A Taxing Thought
This week, Saint Matthew’s received its very first tax bill. Oh, the Borough of New Milford says they are just “passing along a sewage fee,” but in all reality, they are forwarding a tax bill.
When I was growing up over in New York, the property tax bill was always a big motivator when it came to elections. If taxes went up too much on the monthly mortgage, homeowners would dump the elected officials who raised them. And when sewage taxes went up, people also got angry at the government, wondering why they would fill the commissions and boards with those whose only real connection to anything “sewage” came from their association with various politicians and political insiders.
There was always one thing, however: Local politicians always respected local religious institutions and disabled veterans who were granted tax exempt status. No matter how high taxes were raised, they would never even consider passing along taxes to churches, temples, mosques, or to the disabled vet who was injured in war.
Over the years, politicians found that with overspending, large deficits were created. How many times when you’ve turned on the news and you’ve heard about local governments threatening to fire people or raise taxes to the extreme because they were facing a “mounting budget deficit?” Every year at budget time, some government screams that dire times have come and someone has to do something, yada, yada, yada. Honestly, I’ve gotten tired of listening to politicians singing from the same political hymn book every year.
New Milford, NJ – our hometown – is no different. Our budget is tight. There isn’t any wiggle room, our local politicians keep telling us. There are always threats of firings or reducing services every year when budget time comes up. Yet, after reworking the numbers, the dire “end of the world” threats never come true. Every year the can is kicked down the road, leaving the heavy lifting for future councils. But some how, money is always found to hire more people or to give raises or to sign larger and larger contracts that taxpayers have to end up funding.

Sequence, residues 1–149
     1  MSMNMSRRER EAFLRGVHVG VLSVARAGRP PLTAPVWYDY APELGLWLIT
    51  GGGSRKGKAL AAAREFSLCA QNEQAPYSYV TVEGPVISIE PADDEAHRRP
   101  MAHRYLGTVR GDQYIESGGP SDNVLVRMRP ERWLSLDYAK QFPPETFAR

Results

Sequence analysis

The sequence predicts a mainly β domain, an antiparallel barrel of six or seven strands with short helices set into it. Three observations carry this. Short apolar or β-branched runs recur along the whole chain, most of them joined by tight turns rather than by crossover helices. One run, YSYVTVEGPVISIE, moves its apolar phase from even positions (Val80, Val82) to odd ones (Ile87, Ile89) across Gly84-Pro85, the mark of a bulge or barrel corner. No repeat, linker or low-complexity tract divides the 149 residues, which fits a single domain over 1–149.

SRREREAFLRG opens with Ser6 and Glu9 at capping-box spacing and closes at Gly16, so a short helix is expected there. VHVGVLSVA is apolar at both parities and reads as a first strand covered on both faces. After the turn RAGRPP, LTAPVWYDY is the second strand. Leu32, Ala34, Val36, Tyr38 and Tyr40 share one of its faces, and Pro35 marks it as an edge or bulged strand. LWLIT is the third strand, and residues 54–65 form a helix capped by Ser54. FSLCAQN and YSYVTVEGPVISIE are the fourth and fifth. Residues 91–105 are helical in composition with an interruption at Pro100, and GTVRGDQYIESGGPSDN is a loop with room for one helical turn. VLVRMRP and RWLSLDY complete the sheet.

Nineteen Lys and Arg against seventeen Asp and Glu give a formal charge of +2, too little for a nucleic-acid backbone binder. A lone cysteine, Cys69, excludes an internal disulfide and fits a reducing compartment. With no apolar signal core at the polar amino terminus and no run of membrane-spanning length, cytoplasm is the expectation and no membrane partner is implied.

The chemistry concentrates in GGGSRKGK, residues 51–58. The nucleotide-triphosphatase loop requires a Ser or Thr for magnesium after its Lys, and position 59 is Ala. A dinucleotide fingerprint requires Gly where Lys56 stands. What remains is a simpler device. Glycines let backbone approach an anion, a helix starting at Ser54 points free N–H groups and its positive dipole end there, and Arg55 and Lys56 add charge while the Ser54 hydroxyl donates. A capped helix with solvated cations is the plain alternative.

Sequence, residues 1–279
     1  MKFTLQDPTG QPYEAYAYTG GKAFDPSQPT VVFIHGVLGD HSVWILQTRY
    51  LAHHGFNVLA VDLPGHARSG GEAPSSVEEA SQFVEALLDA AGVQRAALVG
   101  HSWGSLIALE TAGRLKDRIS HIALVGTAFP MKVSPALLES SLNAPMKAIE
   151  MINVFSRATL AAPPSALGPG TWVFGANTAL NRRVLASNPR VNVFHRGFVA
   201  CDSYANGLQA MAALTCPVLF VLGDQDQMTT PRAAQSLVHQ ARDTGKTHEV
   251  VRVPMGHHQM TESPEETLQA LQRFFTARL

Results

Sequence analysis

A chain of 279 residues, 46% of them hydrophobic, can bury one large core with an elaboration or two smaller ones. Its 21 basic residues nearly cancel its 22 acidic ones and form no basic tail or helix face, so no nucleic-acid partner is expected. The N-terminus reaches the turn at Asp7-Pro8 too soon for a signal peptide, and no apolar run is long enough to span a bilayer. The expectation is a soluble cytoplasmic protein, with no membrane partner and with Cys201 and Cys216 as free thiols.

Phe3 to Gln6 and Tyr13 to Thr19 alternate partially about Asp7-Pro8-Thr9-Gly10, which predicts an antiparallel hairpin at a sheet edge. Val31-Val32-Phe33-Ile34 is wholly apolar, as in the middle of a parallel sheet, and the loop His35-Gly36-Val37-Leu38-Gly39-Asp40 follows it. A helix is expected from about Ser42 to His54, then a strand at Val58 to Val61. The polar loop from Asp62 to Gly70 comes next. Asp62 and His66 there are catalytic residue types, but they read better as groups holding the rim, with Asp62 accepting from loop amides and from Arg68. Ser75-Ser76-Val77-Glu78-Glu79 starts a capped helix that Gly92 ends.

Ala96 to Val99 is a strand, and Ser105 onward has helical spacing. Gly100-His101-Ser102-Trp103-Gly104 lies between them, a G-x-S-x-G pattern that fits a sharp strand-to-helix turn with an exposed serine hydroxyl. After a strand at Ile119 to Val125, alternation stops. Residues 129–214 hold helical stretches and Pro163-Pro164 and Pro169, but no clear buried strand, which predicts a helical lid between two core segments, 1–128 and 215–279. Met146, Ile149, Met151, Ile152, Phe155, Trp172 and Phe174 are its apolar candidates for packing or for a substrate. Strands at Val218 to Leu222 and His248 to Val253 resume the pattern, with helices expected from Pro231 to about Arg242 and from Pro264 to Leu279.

Last year, the New Milford Mayor and Council adopted a law hoisting the sewage tax on the backs of tax exempt organizations. Now, they do not call it a tax; instead, they call it a “fee,” which, in the opinion of this pastor, is a public relations’ joke. It is a tax passed along to organizations that are tax exempt. I don’t care how many times they call it a “fee,” they will never mask it in my eyes.
It is a tax.
It walks like a tax, looks like a tax, quacks like a tax.
If the local political officials had the courage to just call it that, I would not be angry. In fact, I would probably be standing in their corner applauding them for asking residents to pull together and make difficult choices for the borough’s betterment. Instead, they pretend like they are arbitrators of fairness by passing along this tax to tax exempt organizations, masking it as a ‘passing along’ of a broad-based sewage fee. And trust me, in order to get our money’s worth with this tax, we’d have to really start flushing the toilets at church and the parsonage a lot more each week. A LOT MORE!
And why are they doing this? Simply because no one had the foresight to fix the underlying problem with our local budget, they are raising taxes on every homeowner, business owner, and yes, even tax exempt organizations. Homeowners have been taking it in on the chin for years – and not just in our hometown. Last month here in New Milford, each homeowner was told to expect a $21 tax increase on top of their promised property tax increase because the council wanted to set aside money to pay for the borough’s property reassessment – and you can almost guarantee that after reassessment, taxes will still go up.
For if New Milford were as broke as they have been claiming for so many years, how in the world could they find money for hiring new workers or for raises for government workers while watching as people in the private sector keep getting laid off and can’t find work?
In the future, a portion of Saint Matthew’s property will be placed back in the tax rolls since we’ve contracted with T-Mobile to erect a cellular flag pole on our property, one that the borough fought in court and lost. Since this portion of the property will now used for business purposes, we knew that we’d have to pay property taxes on that part of the land. And we’ll happily pay it since that square footage of property will not be used for tax exempt purposes.
Saint Matthew’s will pay this sewage tax.
But we will not be happy about.
And I would like to publicly thank the Mayor and the Council for their continued courage of letting our churches, synagogues, and other tax exempt organizations know about this new tax last year upon passing it along. Oh, wait – they didn’t! We all found out when we got our bills this week.